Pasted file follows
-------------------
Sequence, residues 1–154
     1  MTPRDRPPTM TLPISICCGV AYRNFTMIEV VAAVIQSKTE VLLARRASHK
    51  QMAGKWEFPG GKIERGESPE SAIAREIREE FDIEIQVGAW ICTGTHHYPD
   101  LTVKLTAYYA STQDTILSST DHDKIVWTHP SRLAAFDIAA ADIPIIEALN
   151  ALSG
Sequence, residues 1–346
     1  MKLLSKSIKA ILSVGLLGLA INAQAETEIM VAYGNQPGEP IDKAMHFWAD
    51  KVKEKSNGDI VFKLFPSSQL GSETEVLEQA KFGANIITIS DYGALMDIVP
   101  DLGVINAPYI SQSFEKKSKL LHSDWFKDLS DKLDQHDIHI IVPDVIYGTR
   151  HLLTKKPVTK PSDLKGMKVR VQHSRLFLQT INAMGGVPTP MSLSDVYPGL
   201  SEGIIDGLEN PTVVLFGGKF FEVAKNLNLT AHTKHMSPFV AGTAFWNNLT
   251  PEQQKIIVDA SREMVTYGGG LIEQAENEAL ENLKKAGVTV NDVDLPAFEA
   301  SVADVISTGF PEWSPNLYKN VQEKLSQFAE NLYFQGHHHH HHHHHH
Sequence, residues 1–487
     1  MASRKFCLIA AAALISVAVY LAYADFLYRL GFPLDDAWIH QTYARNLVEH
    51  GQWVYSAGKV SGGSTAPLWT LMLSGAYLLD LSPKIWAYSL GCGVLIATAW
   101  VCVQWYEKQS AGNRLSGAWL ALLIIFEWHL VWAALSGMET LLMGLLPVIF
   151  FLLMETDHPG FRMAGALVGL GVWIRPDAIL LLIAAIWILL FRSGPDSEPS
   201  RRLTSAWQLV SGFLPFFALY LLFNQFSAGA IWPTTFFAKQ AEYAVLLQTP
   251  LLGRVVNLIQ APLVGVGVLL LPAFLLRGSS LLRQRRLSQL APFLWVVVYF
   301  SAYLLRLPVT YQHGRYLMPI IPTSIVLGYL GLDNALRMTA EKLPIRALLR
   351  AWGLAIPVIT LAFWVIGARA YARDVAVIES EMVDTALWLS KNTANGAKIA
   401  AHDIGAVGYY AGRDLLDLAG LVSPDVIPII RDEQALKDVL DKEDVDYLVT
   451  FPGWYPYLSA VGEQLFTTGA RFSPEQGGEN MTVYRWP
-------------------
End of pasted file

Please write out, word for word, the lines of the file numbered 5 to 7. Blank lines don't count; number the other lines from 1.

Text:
   151  ALSG
Sequence, residues 1–346
     1  MKLLSKSIKA ILSVGLLGLA INAQAETEIM VAYGNQPGEP IDKAMHFWAD